Wishbone Brixton

Wishbone don't have a business card

I love a bit of chicken. I’ll even travel to Brixton to eat it, which isn’t quite as rough as I’d once imagined I’ll have you know, in fact, it’s rather trendy. But let me start from the beginning.

Wishbone is a fried chicken shop which is co-owned by Scott Collins – one of the guys behind Meat Liquor and it subsequently has a similar vibe. Loud music, trendy staff, stool seats and customers with greasy fingers. The restaurant is based in Brixton market which seems to be a culinary hotspot as it’s littered with nice looking places to eat. A return visit to the area is inevitable.

Brixton market

The outside

During our Tuesday night visit the upstairs area at Wishbone (which takes reservations) was closed so we sat downstairs near the bar. Bizarrely there’s no door to the restaurant thus making it rather bloomin’ cold. The heat lamps by the entrance were turned on in short bursts but nothing would have been able to defrost my little tootsies. To date I’ve never eaten in a colder place!

The inside

The simple menu was printed on a page of A4 paper and listed wings, thighs and chicken burgers with a few sides. It all seemed good value which was handy as me and my gentleman companion were starvin Marvin.

The salt ‘n’ pepa thighs with Asian mayo (£6) had been deboned and made into little battered chunks which were so addictive they may have actually been little balls of crack cocaine. The chicken was juicy and fatty and encased in a herby crunchy batter that seemed invincible to sogginess. Dunked in the tangy mayo it made each mouthful heavenly.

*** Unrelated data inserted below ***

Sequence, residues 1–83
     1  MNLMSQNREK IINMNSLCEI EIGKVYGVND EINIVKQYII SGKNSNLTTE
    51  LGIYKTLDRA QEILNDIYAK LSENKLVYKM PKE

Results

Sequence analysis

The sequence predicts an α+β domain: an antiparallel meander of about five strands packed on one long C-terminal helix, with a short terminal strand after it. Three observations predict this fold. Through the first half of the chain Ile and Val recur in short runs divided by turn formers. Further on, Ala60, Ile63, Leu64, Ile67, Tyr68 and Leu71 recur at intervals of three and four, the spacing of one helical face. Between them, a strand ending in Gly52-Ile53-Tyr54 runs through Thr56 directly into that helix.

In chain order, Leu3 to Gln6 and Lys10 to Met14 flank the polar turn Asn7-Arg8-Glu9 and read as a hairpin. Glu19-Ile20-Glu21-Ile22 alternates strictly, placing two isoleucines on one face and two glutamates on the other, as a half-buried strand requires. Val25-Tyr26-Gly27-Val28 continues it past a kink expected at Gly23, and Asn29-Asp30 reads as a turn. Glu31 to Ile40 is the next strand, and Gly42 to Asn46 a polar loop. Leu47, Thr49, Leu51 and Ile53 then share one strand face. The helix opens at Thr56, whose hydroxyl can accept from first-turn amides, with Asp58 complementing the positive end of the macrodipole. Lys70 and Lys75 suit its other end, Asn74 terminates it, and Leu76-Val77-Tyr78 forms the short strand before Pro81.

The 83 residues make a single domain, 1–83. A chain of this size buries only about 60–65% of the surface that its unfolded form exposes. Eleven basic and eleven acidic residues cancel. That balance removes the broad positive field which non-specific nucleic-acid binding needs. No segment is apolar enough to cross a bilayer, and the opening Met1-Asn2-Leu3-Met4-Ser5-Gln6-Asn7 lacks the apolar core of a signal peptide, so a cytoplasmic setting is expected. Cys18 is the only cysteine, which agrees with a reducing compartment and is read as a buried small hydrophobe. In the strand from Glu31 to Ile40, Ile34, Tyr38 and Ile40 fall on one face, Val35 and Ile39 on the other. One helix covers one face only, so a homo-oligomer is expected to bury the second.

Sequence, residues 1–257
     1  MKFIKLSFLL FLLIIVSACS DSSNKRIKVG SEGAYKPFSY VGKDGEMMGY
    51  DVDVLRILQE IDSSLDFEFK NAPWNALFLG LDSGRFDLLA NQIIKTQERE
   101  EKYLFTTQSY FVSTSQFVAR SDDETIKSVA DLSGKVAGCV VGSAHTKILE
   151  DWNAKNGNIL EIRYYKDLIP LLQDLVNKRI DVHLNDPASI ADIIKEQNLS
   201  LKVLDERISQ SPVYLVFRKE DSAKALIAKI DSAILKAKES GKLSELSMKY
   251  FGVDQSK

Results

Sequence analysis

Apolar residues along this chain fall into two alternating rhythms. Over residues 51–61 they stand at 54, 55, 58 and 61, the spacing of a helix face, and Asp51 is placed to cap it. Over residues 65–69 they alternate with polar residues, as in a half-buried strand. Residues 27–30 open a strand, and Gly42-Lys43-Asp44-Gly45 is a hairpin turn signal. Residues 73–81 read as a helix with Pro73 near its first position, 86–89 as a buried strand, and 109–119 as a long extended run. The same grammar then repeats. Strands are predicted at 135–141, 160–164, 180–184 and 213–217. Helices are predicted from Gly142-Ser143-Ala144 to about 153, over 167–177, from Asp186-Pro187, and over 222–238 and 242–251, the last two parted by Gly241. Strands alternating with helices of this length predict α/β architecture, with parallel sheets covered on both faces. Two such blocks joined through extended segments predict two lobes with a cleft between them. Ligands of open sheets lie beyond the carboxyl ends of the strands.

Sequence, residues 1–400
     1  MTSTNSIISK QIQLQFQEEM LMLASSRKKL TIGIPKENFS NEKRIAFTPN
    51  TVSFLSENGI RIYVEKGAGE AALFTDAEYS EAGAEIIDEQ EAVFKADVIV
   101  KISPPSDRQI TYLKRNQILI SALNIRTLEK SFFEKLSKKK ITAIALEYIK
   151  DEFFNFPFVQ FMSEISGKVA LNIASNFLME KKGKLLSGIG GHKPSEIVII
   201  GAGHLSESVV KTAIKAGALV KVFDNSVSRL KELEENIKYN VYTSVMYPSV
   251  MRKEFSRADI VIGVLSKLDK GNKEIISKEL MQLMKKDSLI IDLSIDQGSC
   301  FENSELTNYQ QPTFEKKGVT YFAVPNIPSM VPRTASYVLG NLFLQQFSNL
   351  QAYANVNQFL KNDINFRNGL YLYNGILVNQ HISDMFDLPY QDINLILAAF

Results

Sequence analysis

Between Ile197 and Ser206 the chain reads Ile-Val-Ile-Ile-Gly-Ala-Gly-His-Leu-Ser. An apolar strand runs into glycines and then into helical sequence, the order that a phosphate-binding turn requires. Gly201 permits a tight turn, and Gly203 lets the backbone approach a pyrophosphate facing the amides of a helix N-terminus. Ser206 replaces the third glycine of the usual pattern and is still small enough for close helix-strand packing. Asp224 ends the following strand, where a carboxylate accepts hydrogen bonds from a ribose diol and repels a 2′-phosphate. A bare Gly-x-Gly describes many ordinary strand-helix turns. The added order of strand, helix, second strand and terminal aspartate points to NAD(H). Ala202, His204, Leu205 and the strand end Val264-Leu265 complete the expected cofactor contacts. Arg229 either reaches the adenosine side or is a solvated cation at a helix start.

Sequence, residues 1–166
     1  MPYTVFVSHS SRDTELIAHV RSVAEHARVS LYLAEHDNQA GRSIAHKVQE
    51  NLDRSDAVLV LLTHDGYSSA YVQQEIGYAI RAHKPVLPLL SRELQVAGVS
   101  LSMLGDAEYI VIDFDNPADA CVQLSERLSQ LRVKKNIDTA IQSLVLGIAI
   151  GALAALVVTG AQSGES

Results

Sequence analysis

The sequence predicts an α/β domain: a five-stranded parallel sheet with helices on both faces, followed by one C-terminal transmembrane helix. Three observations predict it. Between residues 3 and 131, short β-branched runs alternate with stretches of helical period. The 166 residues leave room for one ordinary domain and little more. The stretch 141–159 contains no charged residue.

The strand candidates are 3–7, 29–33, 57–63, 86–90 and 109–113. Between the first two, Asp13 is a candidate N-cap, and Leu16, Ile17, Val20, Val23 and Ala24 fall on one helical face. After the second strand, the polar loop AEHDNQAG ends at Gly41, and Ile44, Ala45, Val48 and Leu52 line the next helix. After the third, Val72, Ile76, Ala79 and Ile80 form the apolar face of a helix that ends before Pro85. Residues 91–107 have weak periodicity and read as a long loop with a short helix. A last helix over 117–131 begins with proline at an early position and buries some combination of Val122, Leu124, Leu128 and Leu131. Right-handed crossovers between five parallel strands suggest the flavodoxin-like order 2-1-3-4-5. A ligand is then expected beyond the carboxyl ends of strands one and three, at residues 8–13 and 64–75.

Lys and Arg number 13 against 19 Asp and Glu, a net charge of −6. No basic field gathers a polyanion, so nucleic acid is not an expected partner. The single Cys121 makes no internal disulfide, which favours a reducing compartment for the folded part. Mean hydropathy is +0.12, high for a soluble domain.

My gentleman companion went for the tower block burger (£7) which was a crispy chicken thigh topped with cheese, hash brown, jalapeños, slaw, onion and Russian dressing. It was huge and looked enticing in a heart attack inducing kind of way. Even with all those wet and sloppy toppings the battered thigh had remained delightfully crispy and the chicken was very juicy. Yummy.

Tower block

Everything was served in brown paper bags, including the fries (£2.50) which made them go a little soggy – which is what you’d expect from a fast food chicken shop right? I loved them – really thin fries with a generous scattering of salt – totally moreish.


The chicken shop wings with house barbecue sauce (£5) were the only weak link in our meal. As before, the herby batter was mega crispy but the chicken was rather bland and tasteless and had a flabby skin. The barbecue sauce was good with a sweet tomatoey flavour to it but the wings just weren’t for us.


The highlight of our visit (and possibly my year) was the side of deep fried mac ‘n’ cheese (£4.50). It was as rich and unctuous as you can imagine yet it wasn’t oily or greasy and it was far from sickly. I like most things that have been deep fried so you can imagine my overwhelming happiness whilst eating this creamy cheesy macaroni cheese that had been covered in breadcrumbs and plunged into the depths of the fryer. I’m not sure it gets better than that!

Deep fried mac n cheese

Deep fried mac n cheese

We liked Wishbone and we would have liked it even more if we had sat upstairs, in the warmth. Apart from those wings, the chicken was great and I’d love to know how they keep that batter so crunchy. But the real star of the show was that devilishly delicious deep fried mac ‘n’ cheese. I’d go back for some more of that any day.


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